USA is involved in RRT counterterrorism operations – which cause extrajudicial executions and enforced disappearances – through its Central Intelligence Agency (CIA). Britain relies on its Secret Intelligence Service, commonly known as MI6.
CIA and MI6 gather intelligence on their targets for RRT, which proceeds to act by either shooting dead, arresting or rendering depending on an individual’s stake. RRT takes out people CIA and MI6 consider threats.
Most of the CIA and MI6 targets are Muslims accused of engaging in terrorism. Some targets are arrested. Others are extraordinarily rendered. Many are killed.
Sometimes CIA-backed RRT gets the wrong man.
We are yet to establish whether RRT – which CIA in 2004 morphed from General Service Unit (GSU) and ran it in the shadows of Anti-Terror Police Unit (ATPU) – is involved in Hajir abduction.
An OB number 53/29/08/2020 is one of the shreds of evidence that primarily links security agents to Hajir abduction.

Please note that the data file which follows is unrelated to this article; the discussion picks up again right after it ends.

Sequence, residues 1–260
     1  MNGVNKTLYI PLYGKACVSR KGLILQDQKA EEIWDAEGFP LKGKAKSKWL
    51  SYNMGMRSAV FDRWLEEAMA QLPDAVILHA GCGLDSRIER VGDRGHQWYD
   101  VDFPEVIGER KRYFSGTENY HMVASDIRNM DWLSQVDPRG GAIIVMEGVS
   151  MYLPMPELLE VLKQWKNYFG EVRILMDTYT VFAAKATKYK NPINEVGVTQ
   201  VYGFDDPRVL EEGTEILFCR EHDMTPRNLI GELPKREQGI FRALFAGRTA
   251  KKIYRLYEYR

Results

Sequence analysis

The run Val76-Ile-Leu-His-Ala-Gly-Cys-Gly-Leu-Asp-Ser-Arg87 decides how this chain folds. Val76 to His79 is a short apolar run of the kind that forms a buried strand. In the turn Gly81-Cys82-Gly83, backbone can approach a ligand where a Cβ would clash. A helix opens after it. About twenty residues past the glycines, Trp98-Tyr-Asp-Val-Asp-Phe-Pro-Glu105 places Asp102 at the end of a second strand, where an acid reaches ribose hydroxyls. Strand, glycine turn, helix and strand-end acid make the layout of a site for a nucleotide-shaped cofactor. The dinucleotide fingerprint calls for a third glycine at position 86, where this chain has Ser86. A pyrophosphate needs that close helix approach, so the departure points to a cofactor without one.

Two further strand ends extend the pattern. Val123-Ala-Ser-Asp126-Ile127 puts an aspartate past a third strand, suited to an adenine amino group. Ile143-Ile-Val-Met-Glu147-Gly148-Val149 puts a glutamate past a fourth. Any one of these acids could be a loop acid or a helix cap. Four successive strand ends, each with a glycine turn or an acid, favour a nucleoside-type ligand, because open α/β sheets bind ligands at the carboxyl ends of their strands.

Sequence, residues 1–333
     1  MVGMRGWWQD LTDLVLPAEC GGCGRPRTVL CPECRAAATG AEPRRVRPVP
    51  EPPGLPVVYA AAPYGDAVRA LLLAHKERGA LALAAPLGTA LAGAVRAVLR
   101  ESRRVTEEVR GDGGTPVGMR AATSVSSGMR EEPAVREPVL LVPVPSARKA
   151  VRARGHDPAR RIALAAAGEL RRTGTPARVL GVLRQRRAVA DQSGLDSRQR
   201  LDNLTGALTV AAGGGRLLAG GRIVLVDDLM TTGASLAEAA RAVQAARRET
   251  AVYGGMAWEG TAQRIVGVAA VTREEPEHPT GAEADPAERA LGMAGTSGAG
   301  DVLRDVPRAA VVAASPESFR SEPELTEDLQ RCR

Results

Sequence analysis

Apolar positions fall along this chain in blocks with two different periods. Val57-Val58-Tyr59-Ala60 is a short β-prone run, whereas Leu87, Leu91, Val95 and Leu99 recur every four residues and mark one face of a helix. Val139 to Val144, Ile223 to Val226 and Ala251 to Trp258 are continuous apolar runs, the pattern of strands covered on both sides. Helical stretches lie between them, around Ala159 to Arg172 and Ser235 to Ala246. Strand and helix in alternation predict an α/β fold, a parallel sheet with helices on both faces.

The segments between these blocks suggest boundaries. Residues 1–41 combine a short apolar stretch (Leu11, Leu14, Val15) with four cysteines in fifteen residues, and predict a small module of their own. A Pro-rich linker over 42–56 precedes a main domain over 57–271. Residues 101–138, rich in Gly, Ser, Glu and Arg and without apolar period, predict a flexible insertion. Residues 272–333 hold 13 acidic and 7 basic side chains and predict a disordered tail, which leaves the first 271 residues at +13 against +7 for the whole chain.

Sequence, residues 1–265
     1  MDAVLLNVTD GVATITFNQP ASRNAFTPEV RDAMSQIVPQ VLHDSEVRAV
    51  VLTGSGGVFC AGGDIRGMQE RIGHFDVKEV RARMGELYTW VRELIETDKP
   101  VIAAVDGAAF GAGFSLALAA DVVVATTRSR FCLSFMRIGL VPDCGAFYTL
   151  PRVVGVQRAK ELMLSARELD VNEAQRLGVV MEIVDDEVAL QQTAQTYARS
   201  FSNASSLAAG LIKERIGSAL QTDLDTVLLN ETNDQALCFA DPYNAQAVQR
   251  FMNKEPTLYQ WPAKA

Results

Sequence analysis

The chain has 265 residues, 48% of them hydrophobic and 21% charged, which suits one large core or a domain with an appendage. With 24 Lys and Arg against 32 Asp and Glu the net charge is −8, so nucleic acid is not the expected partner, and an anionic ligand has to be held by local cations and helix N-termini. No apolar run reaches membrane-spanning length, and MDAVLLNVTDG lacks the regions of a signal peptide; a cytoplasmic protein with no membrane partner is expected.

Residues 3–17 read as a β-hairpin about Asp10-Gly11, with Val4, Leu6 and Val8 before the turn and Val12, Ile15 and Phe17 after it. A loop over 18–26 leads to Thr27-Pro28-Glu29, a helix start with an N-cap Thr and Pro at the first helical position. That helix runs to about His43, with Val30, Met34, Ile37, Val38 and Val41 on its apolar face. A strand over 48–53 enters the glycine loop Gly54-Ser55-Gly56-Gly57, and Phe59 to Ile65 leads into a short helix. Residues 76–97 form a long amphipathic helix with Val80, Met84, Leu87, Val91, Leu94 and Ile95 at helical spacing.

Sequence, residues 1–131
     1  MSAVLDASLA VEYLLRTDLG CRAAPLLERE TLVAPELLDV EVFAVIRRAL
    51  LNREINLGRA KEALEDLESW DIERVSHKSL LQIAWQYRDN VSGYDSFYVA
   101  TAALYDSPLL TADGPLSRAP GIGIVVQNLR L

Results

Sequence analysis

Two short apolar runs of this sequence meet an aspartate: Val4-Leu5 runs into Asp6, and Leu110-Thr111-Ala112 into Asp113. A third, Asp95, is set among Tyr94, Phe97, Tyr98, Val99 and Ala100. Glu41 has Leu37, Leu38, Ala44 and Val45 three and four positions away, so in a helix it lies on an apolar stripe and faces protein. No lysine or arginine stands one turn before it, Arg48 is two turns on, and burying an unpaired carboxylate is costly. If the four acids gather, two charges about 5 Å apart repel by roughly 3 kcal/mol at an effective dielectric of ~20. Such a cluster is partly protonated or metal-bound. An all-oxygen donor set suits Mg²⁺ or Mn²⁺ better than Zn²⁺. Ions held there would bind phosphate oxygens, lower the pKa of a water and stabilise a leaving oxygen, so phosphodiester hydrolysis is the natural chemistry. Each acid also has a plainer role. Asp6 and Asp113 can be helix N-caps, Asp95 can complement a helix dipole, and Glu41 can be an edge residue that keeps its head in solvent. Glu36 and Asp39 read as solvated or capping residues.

Kilifi clerics abducted
About two weeks earlier on August 16, dozens of security agents abducted two Muslims clerics and a Mosque gardener in Mtondia, Kilifi, some 400 kilometres south of Garissa.
Just like in Hajir case, the agents also terrorised those close to Markaz Noor preachers, Khalid Swaleh and Juma Shamte, and a planter only identified as Hassan. They threatened to open fire to defenceless and unarmed family members.
Swaleh and Shamte stayed missing for about two weeks until August 25. They are still shocked and have not divulged crucial details of their abduction – who captured them, what was the motive, where were they imprisoned, did they got tortured to extract confessions under duress, and many more.
Equally, the security apparatus denied involvement in Kilifi abduction, despite witnesses’ accounts and the pattern of the operation confirming their direct link. MUHURI is yet to trace the gardener.
Sayat prays that his brother, Hajir, will return alive – and well.